By: Paul Griffin
All information contained in this document is based on practical experience and training. Always refer to authority having jurisdiction and applicable codes when making any fire alarm\life safety decision.
Identifying the source: Fire Alarm Systems have two means of identifying the location of an alarm or system activity.
L.E.D. - light emitting diodes, can be used to bring attention to a label or a location on a Graphic Annunciator.
The L.E.D and label system is least effective but the more information that is on the label the better.
Also the more division of a building into zones represented by the L.E.D.’s the less time it will take to locate the area.
Graphic Annunciators are very useful for locating a device or area in buildings that have many non-typical floors.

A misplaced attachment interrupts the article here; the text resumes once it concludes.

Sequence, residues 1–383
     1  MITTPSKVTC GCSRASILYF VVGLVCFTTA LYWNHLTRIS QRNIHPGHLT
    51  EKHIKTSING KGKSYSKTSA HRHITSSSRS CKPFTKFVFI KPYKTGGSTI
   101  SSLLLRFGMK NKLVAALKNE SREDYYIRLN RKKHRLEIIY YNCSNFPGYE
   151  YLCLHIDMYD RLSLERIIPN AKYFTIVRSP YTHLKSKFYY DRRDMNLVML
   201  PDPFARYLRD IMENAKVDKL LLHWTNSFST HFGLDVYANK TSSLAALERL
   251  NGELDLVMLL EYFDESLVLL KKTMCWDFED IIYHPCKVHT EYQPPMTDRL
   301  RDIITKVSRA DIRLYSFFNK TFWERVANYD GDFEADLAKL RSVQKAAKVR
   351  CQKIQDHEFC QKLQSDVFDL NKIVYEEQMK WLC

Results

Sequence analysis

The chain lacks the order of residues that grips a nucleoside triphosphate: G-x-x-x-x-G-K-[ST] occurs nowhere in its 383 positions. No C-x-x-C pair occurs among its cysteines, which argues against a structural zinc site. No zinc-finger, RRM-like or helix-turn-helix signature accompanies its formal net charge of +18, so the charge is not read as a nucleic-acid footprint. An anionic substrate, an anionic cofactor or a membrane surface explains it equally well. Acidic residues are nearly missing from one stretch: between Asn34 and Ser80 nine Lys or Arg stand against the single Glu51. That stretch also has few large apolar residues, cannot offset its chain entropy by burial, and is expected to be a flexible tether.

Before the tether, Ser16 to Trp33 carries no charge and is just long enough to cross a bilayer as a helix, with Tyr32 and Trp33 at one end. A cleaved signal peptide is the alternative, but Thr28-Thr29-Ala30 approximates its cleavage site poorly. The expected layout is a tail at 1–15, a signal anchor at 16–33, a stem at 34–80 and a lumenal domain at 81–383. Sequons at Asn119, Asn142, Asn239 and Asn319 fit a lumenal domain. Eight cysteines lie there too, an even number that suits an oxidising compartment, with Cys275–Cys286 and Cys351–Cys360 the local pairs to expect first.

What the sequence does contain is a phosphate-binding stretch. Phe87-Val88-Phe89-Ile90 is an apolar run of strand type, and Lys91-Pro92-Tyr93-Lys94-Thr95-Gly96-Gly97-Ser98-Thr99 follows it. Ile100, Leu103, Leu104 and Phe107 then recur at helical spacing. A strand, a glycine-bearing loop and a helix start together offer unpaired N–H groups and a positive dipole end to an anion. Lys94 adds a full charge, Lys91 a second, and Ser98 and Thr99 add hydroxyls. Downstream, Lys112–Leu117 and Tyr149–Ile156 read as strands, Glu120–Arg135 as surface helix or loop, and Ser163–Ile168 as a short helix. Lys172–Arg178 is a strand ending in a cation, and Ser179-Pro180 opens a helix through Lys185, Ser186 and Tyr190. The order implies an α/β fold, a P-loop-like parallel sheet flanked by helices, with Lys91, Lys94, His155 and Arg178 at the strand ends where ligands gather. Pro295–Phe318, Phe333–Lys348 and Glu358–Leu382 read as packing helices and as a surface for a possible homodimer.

Addressable Fire Alarm Systems also use a pulsing L.E.D. on most devices to indicate the device is being poled by the fire alarm system for it’s status. If the device is in alarm the L.E.D. will be on in a solid state.
Fire Alarm Systems also use L.E.D.’s on the front panel and within the panel to indicate general system activity such as Fire Alarm, Trouble, Supervisory , or Fireman phone activity .
L.C.D. - liquid crystal display, can be used to give text information to locate an area(zone), single device or any system activity(all future reference will be to addressable type systems).
L.C.D. displays come in different sizes, the more characters used to identify a location the better.
Information should include: